For kids, Thanksgiving is less about toiling for hours in the kitchen while your mother-in-law gives a running commentary on your stuffing-making skills and more about Bluey blimps and waiting all day to be served wobbly cranberry sauce on the rickety card table you're sharing with your rowdy cousins. That said, there's a lot for parents to consider as the holiday approaches — from keeping the family healthy as cold and flu season ramps up, to making peace with the fact that your picky eater won't touch the Ina Garten-worthy feast you've prepared and explaining the significance of the day in a meaningful way. Here's how to navigate the potential parenting challenges headed your way.
Dealing with picky eaters
Some kids may happily wolf down turkey and all the trimmings and still have room for pumpkin and pecan pie. And then there are those who will eat nothing but dinner rolls and a marshmallow plucked from Aunt Sharon's famous sweet potato casserole.
"Holidays are not typical days by definition and we have to remember that our kids are likely out of their element — they're excited to play with cousins, overwhelmed by the number of strangers in the mix, anxious about traveling, etc.," says registered dietitian Diana Rice of Tiny Seed Nutrition and Anti Diet Kids. "Add a buffet of unfamiliar foods and it's very, very likely that kids will focus on whichever familiar food will address their hunger and not exacerbate their anxiety."
Parents, especially those with kids who tend to be especially anxious or selective about food, can plan ahead by making sure a familiar food will be on offer — even if that means bringing chicken nuggets.
"I think it really helps children feel that their parents are looking out for their unique needs by bringing a dish to share that they know their own kid particularly likes, or even packing a sandwich so that their child can just eat and get back to enjoying the event," Rice tells Yahoo Life.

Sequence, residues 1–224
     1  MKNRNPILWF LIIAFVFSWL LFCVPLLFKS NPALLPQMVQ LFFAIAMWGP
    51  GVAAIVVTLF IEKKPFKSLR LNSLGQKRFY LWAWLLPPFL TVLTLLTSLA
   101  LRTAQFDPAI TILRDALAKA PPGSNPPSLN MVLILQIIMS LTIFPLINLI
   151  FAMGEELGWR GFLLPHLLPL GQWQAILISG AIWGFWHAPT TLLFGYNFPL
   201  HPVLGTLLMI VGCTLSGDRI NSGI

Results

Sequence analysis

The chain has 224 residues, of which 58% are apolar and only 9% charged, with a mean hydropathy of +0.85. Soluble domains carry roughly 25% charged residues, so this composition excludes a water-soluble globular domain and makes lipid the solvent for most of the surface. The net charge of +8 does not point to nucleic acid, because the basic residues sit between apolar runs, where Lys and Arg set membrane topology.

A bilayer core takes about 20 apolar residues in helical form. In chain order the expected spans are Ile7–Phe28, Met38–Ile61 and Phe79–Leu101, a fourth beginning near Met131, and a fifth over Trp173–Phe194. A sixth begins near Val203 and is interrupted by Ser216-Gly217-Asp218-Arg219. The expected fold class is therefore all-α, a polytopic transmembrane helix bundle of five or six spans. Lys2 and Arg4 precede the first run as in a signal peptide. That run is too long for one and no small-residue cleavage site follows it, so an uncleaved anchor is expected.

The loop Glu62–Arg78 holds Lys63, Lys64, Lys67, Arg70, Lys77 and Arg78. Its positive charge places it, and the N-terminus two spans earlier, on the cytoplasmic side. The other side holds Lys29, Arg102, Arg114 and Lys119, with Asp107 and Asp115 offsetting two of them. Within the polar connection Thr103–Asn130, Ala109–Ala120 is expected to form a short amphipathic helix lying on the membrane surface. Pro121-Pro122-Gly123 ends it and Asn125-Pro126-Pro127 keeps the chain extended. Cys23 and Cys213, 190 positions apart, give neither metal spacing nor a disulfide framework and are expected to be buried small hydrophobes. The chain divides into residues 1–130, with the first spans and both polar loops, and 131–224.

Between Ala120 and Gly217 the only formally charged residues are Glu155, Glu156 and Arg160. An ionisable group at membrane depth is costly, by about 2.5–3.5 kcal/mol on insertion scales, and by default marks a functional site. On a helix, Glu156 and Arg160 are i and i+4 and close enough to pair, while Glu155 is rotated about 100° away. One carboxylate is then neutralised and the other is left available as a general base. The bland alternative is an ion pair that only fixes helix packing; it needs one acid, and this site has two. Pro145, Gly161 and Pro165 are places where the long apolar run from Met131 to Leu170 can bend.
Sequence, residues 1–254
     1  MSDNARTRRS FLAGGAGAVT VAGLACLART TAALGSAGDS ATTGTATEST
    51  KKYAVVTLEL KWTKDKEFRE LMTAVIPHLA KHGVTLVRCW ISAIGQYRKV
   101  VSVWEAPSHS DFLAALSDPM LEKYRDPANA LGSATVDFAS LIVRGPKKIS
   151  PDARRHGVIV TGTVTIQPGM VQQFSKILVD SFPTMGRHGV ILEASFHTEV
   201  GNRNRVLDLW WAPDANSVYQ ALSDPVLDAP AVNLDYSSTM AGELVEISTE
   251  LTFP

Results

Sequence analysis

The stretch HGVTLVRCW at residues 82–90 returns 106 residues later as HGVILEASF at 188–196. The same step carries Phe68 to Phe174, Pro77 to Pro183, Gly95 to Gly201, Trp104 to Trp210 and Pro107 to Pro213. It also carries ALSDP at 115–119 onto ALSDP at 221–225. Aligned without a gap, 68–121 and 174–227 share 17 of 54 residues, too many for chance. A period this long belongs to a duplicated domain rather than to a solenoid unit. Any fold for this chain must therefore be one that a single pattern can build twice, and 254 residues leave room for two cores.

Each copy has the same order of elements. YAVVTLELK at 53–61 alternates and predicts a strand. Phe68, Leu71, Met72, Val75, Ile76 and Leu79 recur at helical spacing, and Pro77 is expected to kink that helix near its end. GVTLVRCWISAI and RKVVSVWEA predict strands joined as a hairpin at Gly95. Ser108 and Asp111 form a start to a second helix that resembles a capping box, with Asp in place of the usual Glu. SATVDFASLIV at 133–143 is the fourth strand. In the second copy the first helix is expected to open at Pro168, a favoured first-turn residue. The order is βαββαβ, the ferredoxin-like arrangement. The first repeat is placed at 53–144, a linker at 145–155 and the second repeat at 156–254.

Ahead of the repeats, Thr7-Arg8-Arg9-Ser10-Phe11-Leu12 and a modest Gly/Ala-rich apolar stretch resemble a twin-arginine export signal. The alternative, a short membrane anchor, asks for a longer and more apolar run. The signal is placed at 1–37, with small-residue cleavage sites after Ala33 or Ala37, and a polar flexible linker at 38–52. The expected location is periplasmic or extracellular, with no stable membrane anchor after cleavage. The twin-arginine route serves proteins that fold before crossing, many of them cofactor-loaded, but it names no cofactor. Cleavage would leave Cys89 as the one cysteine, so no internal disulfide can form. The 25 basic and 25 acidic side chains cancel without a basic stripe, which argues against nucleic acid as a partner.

Parents also shouldn't stress out about how much green bean casserole or carrots their kid ate before digging into the pie selection.
"Children's overall nutrition is important, but what they do or don't eat on holidays is a drop in the bucket compared to how memories of being teased for their food preferences at family gatherings, or made to clear their plate in order to get dessert, will impact them into adulthood," says Rice.
One final food concern: Relatives who make comments that could be seen as reinforcing toxic diet culture, whether that's Grandma wondering aloud what those mashed potatoes will do to her waistline or an uncle teasing your kid for how much they're eating. If that sort of body-shaming talk in front of your kid makes you uncomfortable, be prepared to advocate for them. Speaking to Yahoo Life earlier this year, registered dietitian Jennifer Anderson of Kids Eat in Color suggested calling ahead to politely but firmly request that any diet discussions be avoided around the kids in order to limit their exposure to negative self-talk and help them appreciate their own bodies. (If they insist, they can always update you on their Ozempic obsession over the phone or in private.)
And how would Virginia Sole-Smith, author of Fat Talk: Parenting in the Age of Diet Culture, respond to body-shaming comments about a kid? Try telling the critical relative this, she suggests: "We're not worried. We don't see their body as a problem. We trust their body. We're letting them figure it out.”
Keeping bugs at bay
While a new poll shows that more than a third of Americans aren't worried about the current uptick in flu, COVID and RSV cases, there's no denying that we're in the throes of sickness season. Speaking to Yahoo Life earlier this month, Dr. Mandy Cohen, director of the Centers for Disease Control and Prevention and a mom of two, shared how she keeps her own family healthy ahead of the holidays. For starters, everyone — including her 9- and 11-year-old daughters — has received their updated COVID and seasonal flu vaccines. “The best thing that folks can do ahead of Thanksgiving holiday is to get vaccinated," she says.
Other best practices for warding off illness?